PopBio2017 Halle Germany
POPBIO2017 Population Biology in a Changing World
30th Conference of the Plant Population Biology Section of the Ecological Society of
Germany, Austria and Switzerland | GfÖ 18–20 May 2017 | Halle / Saale | Germany
We cordially invite you to join our technical excursions (in parallel, € 10 each):
1 Excursion to the Global Change Experimental Facility (GCEF) and the Field Research Station of the UFZ at Bad Lauchstädt
The Field Research Station of the UFZ is located close to the town of Bad Lauchstädt, about 15 km from Halle. The excursion will guide you to a number of greenhouse, common garden and field experiments, in particular to the Global Change Experimental Facility (GCEF). The GCEF is a large field experiment to investigate the effects of climate change on terrestrial ecosystems under different types of land management, started in 2013/2014. On 10 field plots, each of about 2000 m² size, we manipulate two different climate scenarios with five replicates of each: ambient climatic conditions and future climatic conditions including both, temperature and precipitation. Plots are equipped with mobile roofs and side panels to passively increase temperature, and together with an irrigations system, to modify amount and seasonal pattern of precipitation according to projections of regional climate models. Each of these 10 main plots is subdivided into five 400 m² subplots, which are randomly assigned to five land-use types: conventional farming, organic farming, intensively used meadows, extensively used meadows, and extensively used sheep pastures. We study the interactive effects of climate and land-use on community dynamics, species interactions, micro-evolutionary changes, soil processes, element cycling, and other ecosystem functions.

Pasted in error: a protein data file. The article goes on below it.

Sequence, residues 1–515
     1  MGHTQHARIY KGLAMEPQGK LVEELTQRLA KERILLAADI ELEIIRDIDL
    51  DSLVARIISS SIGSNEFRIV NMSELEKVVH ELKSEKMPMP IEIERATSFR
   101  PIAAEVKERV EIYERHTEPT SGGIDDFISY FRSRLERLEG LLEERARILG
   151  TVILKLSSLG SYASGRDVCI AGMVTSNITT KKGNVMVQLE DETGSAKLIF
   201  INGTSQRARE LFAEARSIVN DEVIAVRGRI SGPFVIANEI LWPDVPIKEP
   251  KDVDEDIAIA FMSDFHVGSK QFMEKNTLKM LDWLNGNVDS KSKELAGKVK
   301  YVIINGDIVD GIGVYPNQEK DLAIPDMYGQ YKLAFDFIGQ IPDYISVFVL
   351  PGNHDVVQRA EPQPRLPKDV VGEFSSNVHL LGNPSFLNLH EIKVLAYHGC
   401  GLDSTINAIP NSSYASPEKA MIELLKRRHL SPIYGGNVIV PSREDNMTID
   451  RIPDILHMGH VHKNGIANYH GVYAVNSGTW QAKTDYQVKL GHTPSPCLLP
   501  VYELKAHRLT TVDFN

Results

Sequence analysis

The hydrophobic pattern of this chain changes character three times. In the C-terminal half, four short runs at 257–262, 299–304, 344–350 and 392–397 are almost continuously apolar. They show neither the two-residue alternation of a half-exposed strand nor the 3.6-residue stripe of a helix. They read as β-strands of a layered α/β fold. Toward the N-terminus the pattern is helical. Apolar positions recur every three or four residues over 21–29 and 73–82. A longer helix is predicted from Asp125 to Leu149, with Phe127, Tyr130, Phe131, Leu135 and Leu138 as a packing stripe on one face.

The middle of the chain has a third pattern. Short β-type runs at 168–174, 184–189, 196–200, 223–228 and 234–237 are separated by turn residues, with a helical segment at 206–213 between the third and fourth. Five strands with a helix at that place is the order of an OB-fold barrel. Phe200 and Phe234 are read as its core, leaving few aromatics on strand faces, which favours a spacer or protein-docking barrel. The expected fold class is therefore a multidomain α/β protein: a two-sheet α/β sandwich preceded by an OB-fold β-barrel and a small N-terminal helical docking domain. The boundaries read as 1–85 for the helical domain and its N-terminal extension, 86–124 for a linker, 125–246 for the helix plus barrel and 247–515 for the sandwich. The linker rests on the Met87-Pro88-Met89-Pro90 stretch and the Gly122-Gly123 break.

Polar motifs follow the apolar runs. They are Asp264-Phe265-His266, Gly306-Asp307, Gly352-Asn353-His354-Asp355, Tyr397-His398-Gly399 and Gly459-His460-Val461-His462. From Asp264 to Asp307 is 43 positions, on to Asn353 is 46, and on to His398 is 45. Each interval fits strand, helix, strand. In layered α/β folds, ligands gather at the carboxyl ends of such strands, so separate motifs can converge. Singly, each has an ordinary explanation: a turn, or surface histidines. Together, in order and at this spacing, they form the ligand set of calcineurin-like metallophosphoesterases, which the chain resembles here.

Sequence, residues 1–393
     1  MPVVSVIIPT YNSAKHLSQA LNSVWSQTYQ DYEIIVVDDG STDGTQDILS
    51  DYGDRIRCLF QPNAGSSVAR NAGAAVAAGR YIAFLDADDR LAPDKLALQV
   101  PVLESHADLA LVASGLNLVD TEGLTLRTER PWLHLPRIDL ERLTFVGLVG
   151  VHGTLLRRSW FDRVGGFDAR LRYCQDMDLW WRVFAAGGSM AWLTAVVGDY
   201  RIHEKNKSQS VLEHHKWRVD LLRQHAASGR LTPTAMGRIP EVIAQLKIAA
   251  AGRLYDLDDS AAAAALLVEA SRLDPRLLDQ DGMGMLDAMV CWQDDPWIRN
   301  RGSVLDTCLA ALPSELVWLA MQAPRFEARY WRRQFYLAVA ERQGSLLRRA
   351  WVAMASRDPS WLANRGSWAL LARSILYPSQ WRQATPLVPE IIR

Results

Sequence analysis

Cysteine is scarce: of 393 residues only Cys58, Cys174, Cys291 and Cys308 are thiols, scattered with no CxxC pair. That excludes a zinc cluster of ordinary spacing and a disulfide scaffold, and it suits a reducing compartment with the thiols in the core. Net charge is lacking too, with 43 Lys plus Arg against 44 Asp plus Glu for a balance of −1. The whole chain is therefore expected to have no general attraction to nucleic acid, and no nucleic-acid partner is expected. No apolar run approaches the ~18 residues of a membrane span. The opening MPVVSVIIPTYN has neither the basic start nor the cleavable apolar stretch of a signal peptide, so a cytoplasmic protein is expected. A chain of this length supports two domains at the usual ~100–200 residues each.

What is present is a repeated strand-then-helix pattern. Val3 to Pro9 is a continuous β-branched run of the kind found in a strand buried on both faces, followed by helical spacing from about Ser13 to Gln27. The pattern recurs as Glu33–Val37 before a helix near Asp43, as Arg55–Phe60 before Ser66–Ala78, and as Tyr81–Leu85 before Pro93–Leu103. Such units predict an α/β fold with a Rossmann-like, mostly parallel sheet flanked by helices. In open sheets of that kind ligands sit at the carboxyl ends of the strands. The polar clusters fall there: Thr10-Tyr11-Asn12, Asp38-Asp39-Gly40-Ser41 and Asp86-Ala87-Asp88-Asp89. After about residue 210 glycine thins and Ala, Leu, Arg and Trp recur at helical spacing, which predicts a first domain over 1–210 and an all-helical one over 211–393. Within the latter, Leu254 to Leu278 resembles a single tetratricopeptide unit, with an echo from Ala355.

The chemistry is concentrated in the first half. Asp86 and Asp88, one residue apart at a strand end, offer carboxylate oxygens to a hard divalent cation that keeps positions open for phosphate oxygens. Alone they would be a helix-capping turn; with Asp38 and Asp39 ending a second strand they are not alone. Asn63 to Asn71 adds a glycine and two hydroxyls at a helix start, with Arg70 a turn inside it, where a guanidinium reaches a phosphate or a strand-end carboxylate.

BAAE special feature
Download programme as PDF
Download book of abstracts as PDF
The porphyry hills northwest of Halle originate from about 300 million years of geological history and consist of rock slopes, valleys and more than 200 particular rock summits. The latter are scattered within a matrix of fertile cropland on chernozem soils and are characterized by an extraordinarily species-rich flora and fauna. The particularity of the “Lunzberge” porhpyry hills is highlighted by their name: "Lunz" is probably derived from old slavic "loncê" which means "grassland", Berge is German for “hills. The nature reserve "Lunzberge“ (64 ha) protects dry grassland, semi-dry grassland and rocky pioneer vegetation. Moreover, the Lunzberge accommodate a rich fauna with many bird, mammal and insect species. The remarkable biodiversity, geography and geology as well as the proximity to the city (and university) of Halle have yielded a high number of academic studies and publications. These comprise studies on the vegetation ecology, population ecology of rare species, phylogeography and island biogeography. The excursion route is an easy walk around the area, “climbing” up some of the hills, introducing the different habitats, their ecology and plant species.
Lunzberge, View to the east.
Photo: Dominic Plagge 15 May 2015,
taken from RANA (2015)
RANA – Büro für Ökologie und Naturschutz Frank Meyer (2015): Managementplan für das FFH Gebiet 118 "Porphyrkuppenlandschaft nordwestlich Halle". Im Auftrag des LAU Sachsen-Anhalt, 183 p.